Summit of Hare Shaw

The summit of Hare Shaw, the highest point of the horseshoe. Strange tree-growing experiments seem to be occurring. Kidsty Pike in the background.

Summits: There are no fewer than seven summits delineated in this chapter, which I first visited in this order: Scalebarrow Knott (1109 feet above sea level), Harper Hills (1378’), Hare Shaw (1650’), an unnamed summit at 1427’ and another at 1380’, Hugh’s Laithes Pike (1390’) and one final unnamed summit at 1296’.

Looking at the configuration of this group from afar (and you get a good view from the Shap-Bampton road — see the picture), I think that if Wainwright had treated these fells in the same way that he did in the seven volumes of the main Pictorial Guide, he would have got the number down to two, namely Hare Shaw and Hugh’s Laithes Pike. But seven are what we have on the chapter’s title page (p. 224 of volume 8), so let’s not bicker and just bag what’s there.

Geese over the Naddle horseshoe

Geese on their way somewhere warmer. The fell straight ahead is the Hugh’s Laithes Pike end of the Naddle Horseshoe. The Haweswater dam is just visible.

Date bagged: First visit: 13th November 2014 (walk 89).

Second visit: Harper Hills and Scalebarrow Knott, but not the other five, were rebagged on 8th September 2016 (walk 117).

Bagged as numberFirst round: The seven become numbers 274-280 of the full 330: which means that after coming off the last, unnamed summit, I now have 50 to go. [<< Knipescar Common (272)  (281) Burney >> ]

Second round: Just the two, so numbers 73 and 74 of 330. [ << Selside Pike (72)  (75) Carl Side >> ]

Route of ascent and descent: First visit: I did not quite follow the route depicted in Wainwright’s chapter, starting and finishing at Burnbanks rather than the Rosgill-Swindale road. From Burnbanks one can easily reach Naddle Farm and at that point Wainwright’s route is joined. It should be observed that contrary to the advice given at the top of page 229 of volume 8, Burnbanks can be reached on a bus, even if only once a week (currently Thursdays).

The summit of Scalebarrow Knott

The summit of Scalebarrow Knott

Second visit: Came up to Harper Hills from the Old Corpse Road that links Swindale and Mardale. Descended to Naddle Farm, but this time via the previous route of ascent.

What Mr Wainwright says (from p. 225 of volume 8): “[The Naddle] is a small side-valley of attractive appearance, being inurned between steep and craggy slopes draped with mature woodland, a natural forest centuries old; but, having no public road along which cars may be taken, it rarely gets more than a passing glance from visitors on wheels…. It is a quiet valley with one farm only and beyond its enclosing arms an undulating plateau of rough pasture with a fine view of the mountains around Mardale that few walkers ever come to see.”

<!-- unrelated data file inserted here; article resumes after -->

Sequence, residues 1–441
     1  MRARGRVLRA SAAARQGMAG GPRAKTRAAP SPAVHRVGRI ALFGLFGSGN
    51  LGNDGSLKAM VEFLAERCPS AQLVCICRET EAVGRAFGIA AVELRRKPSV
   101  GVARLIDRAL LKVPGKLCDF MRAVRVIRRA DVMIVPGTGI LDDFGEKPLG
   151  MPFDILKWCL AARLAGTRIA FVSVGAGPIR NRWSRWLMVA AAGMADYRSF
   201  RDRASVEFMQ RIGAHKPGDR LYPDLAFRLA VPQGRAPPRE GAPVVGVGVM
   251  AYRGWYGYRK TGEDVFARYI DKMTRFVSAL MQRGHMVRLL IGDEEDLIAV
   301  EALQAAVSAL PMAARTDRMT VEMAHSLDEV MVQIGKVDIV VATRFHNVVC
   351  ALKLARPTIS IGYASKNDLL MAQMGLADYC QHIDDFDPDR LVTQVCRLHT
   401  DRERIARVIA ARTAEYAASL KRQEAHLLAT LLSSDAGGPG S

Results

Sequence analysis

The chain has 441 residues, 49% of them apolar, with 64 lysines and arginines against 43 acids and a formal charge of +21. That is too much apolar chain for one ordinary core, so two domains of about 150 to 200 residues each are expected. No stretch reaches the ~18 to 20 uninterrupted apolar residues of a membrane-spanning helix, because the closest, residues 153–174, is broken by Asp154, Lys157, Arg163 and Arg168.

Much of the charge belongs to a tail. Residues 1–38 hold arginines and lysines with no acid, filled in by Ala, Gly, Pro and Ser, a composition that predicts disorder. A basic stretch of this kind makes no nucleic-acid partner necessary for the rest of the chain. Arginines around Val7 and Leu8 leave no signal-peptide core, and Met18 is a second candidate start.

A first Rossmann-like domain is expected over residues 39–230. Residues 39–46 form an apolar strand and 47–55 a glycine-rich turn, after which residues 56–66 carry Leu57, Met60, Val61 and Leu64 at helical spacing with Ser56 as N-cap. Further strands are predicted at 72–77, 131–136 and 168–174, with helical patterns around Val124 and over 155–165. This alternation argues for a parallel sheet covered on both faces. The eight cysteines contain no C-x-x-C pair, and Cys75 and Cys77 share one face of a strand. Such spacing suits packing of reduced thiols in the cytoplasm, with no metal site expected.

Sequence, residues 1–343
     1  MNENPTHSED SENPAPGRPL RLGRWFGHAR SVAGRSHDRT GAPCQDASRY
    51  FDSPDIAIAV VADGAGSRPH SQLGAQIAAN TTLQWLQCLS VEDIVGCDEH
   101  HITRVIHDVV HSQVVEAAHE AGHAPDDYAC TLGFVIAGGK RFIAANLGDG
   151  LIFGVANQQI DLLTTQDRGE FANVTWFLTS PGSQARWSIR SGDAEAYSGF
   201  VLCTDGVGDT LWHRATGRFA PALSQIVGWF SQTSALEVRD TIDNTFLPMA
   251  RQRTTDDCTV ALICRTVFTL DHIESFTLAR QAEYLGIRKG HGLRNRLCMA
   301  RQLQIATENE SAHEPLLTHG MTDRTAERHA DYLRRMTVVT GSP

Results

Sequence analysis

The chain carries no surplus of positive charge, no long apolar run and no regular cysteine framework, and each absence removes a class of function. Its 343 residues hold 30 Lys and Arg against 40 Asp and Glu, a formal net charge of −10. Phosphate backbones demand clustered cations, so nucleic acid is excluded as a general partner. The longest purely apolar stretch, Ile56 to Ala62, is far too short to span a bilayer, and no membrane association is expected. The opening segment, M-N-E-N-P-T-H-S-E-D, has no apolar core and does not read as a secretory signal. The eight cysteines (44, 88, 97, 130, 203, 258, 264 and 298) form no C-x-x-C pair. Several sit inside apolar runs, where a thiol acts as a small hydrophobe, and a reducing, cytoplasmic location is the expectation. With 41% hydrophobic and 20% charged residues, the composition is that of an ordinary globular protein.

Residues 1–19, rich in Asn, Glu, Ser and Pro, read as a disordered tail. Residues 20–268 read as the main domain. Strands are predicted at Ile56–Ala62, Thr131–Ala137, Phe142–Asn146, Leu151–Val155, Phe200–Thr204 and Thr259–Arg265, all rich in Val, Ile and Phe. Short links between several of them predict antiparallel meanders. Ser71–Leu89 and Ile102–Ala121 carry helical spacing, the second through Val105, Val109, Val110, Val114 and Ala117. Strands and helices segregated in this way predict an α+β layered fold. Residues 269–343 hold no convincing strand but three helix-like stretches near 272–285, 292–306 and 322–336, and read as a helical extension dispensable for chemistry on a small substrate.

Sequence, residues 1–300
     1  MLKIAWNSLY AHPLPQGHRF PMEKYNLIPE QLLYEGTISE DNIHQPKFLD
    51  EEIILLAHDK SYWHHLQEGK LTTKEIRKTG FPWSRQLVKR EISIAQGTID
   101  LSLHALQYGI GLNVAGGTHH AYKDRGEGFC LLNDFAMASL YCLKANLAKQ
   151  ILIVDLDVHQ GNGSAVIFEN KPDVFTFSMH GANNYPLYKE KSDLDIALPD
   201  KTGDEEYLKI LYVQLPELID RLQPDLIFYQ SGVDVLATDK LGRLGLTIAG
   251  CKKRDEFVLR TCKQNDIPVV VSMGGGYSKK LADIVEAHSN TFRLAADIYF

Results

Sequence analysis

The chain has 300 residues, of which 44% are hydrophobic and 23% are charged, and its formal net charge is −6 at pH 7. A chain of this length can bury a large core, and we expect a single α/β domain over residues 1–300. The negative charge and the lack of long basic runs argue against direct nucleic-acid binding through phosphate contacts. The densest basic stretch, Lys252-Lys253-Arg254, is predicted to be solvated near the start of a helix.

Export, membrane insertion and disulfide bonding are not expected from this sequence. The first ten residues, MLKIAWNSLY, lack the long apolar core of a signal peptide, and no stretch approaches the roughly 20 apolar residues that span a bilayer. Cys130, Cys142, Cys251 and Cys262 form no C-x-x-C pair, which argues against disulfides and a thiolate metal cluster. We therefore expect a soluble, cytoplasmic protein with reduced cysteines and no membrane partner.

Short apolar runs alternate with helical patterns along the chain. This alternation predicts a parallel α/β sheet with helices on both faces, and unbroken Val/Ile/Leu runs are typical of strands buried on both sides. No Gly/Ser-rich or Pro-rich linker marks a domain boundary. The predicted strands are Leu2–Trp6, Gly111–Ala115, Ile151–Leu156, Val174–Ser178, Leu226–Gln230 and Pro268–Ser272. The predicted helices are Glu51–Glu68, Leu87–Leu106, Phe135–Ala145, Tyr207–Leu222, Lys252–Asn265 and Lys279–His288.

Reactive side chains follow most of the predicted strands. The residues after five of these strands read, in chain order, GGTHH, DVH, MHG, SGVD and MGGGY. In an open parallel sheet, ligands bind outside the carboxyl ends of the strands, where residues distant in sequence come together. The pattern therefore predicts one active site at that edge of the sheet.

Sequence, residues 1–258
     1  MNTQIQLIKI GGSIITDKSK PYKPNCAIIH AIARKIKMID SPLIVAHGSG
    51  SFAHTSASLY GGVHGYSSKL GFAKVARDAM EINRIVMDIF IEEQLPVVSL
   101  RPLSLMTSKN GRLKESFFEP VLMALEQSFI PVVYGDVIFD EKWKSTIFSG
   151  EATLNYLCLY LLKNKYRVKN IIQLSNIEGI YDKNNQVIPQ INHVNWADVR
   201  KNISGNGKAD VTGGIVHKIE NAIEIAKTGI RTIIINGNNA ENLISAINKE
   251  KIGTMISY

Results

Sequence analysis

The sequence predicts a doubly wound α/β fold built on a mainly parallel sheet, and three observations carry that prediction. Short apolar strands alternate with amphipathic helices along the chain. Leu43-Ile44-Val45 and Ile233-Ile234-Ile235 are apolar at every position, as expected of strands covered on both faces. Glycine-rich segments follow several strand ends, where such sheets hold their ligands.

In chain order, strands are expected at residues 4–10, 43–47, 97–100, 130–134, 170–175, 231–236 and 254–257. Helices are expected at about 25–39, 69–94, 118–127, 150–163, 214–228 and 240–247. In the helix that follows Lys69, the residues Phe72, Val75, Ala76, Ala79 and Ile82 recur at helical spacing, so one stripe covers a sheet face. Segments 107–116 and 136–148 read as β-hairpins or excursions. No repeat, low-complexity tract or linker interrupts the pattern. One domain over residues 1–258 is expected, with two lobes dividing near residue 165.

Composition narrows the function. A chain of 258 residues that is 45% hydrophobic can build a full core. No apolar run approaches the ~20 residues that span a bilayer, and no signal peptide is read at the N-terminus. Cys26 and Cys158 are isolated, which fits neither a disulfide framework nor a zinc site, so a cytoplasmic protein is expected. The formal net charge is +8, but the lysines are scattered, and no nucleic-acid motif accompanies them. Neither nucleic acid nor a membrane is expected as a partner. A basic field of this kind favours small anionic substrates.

Point 1296'

The last summit of the horseshoe, 1296′ above sea level.

What I say:  I had slightly higher hopes for this walk than were fulfilled, mainly because I thought, making a judgment from the map, that I would get a rather better view of Haweswater than I did.  The attractive head of the reservoir is not seen, and the northern of the two ridges which make up the ‘horseshoe’ is a tough one to follow thanks to deep vegetation and a lack of paths. Not a dull walk though, just an awkward one in parts. Probably it is a lot more attractive on a sunny day in August than a chilly, grey one in November. (My second visit to at least part of the horseshoe wasn’t a great deal better weather-wise, so I don’t really revise these opinions.)

Its main advantage is allowing one to knock off seven Wainwright summits without a momentous expenditure of effort; though if depending on public transport, at the moment you can only get here on Thursdays, and then not without logistical challenges (see the walk 89 commentary).

I also give Hugh’s Laithes Pike the award for ‘Wainwright with the most tongue-twisting name’. Are both those s’s really necessary?

[ << Nab Scar     Nethermost Pike >> ]

2 Responses to “The Naddle Horseshoe”

  1. […] walk I did, which in highly economical fashion bagged me the seven summits in Wainwright’s Naddle Horseshoe chapter. As of today I have therefore done 280 of the full list of 330 Wainwrights and thus […]

  2. […] fringe of the District: several from chapters in the Outlying Fells (Bannisdale Horseshoe, Howes, Naddle Horseshoe) and three from the Far Eastern Fells (Grey Crag, Tarn Crag, Selside Pike). This boosts the total […]

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